Elliott Pushes for Speedy Trial to Save $1.7 Billion Deal

Elliott Pushes for Speedy Trial to Save $1.7 Billion Wex Deal

Elliott Management Corp.’s Travelport unit is pushing for a speedy trial to save its $1.7 billion deal with Wex Inc., a transaction that’s on the verge of collapse amid the coronavirus pandemic.

Lawyers for Travelport told a London court Thursday that the deal likely can’t be salvaged if the case isn’t resolved by October. Wex plans to abandon the acquisition of a pair of the company’s travel-payments businesses as a result of the virus.

Travelport’s suit is the first in the U.K. to consider whether the virus justifies giving up on a previously agreed contract. Covid-19 has brought the travel industry to a virtual halt, grounding planes and shuttering hotels around the globe.

The company, which is owned by Elliott’s private-equity arm along with affiliates of Siris Capital Group LLC, says Wex should be required to go through with the purchase.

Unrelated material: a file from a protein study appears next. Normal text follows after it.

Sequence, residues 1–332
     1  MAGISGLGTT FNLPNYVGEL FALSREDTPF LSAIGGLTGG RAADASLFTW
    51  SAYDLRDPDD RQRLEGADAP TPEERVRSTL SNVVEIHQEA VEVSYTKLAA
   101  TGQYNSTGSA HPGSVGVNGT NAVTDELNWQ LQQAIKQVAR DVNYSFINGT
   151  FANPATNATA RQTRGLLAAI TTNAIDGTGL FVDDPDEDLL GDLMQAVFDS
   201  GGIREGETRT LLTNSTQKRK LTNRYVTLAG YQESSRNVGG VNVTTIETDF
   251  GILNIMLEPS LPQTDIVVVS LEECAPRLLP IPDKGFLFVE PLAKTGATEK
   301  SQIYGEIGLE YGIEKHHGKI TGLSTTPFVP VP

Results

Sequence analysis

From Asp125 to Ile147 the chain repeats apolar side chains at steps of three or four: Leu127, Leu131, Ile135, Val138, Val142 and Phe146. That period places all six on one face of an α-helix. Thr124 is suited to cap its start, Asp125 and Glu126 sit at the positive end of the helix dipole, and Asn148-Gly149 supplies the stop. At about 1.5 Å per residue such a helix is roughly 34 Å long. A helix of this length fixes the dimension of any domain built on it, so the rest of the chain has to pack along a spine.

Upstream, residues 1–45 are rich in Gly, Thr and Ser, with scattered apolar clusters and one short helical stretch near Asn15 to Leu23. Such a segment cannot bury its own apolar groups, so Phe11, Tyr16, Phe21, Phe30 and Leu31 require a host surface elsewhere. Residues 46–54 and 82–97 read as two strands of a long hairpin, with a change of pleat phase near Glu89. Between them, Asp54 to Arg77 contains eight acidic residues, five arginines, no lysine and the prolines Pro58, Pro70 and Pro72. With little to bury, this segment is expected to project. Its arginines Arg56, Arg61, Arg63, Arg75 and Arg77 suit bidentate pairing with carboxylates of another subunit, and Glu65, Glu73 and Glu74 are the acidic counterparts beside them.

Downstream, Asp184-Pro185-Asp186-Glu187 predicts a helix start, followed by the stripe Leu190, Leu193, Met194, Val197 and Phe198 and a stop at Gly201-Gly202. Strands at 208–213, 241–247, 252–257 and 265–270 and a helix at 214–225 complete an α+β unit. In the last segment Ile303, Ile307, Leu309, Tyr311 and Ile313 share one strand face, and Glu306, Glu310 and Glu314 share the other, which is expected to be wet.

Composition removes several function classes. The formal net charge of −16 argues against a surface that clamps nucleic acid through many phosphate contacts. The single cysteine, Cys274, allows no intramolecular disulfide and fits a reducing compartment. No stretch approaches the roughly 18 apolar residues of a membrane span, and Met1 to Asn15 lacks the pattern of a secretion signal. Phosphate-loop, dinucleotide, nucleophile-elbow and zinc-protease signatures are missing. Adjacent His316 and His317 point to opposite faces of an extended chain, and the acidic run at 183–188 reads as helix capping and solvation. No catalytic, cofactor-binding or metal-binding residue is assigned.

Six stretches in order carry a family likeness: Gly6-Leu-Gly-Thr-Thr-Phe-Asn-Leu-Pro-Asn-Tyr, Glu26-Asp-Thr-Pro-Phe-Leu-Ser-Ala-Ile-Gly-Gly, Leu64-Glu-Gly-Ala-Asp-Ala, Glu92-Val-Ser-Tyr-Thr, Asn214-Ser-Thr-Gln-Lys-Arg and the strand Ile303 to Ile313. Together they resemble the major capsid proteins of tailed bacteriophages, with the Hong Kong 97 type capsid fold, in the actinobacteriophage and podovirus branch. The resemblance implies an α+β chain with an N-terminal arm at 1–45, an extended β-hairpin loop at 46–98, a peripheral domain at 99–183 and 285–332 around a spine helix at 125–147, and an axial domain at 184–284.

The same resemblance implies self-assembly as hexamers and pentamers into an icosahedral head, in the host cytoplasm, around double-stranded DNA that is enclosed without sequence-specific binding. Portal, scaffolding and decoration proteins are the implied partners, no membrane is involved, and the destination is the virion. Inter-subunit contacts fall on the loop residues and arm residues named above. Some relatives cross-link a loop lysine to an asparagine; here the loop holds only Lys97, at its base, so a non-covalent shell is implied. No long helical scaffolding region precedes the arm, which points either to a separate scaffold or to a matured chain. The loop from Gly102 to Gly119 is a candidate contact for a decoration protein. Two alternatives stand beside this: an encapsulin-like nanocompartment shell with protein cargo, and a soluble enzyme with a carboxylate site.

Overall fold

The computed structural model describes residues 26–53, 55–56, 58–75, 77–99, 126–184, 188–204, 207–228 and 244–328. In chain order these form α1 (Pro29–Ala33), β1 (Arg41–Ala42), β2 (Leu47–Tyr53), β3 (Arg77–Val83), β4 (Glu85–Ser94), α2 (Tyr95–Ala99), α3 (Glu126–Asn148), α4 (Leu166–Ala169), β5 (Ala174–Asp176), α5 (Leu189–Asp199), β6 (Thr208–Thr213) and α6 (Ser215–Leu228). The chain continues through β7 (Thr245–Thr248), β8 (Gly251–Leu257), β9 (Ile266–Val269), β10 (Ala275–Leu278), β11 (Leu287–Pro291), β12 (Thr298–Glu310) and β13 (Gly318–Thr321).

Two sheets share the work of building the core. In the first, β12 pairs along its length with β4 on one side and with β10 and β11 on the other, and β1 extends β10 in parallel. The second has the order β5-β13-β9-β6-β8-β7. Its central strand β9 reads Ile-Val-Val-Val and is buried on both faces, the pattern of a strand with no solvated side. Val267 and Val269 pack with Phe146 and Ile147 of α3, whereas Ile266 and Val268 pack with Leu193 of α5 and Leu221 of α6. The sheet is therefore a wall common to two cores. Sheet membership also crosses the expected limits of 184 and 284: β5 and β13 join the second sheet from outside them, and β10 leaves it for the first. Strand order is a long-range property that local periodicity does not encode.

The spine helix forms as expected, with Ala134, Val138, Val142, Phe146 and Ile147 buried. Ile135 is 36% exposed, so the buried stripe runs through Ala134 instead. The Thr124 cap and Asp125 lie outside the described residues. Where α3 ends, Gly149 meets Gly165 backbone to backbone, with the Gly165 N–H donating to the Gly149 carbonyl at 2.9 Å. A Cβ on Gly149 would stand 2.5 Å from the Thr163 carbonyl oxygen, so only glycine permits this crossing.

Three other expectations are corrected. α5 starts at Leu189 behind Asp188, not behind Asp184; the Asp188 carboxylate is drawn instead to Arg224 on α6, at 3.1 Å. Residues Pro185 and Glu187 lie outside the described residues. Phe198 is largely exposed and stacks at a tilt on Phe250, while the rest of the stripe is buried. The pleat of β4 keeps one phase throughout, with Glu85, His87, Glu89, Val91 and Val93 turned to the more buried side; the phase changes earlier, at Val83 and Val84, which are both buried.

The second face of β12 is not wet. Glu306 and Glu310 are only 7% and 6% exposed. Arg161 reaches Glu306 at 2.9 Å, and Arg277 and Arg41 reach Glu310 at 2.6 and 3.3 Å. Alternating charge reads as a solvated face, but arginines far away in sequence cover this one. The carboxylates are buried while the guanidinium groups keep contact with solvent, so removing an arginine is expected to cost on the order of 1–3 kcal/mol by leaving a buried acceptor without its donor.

“This is a very high-value commercial transaction,” Travelport’s lawyers said. If the dispute isn’t resolved before Oct. 27, then it “is at real risk of being lost altogether.”

The deadline stems from a debt commitment letter between Wex, Bank of America Corp., and other lenders, which lapses on Oct. 27. The letter guarantees Wex’s ability to fund the acquisition, Travelport said.

Travelport is seeking a declaration from a judge that the pandemic didn’t create a “material adverse effect” on the deal. Wex’s lawyer, Sonia Tolaney, said that Travelport shouldn’t be given special treatment and described their suggested timetable for the trial as “utterly unrealistic.”

Although Travelport asked for a five-day trial starting Sept. 3, the judge ruled in Wex’s favor for the trial to begin Sept. 21. Travelport had argued that letting the case go until then wouldn’t leave any time for appeals before the deadline.

The judge agreed to hear arguments that if Travelport wins, it can ask for an order to force Wex to complete the deal. The judge also said that the timetable gave sufficient time for an appeal if necessary, provided the Court of Appeal was also prepared to expedite.

Both companies declined to comment.

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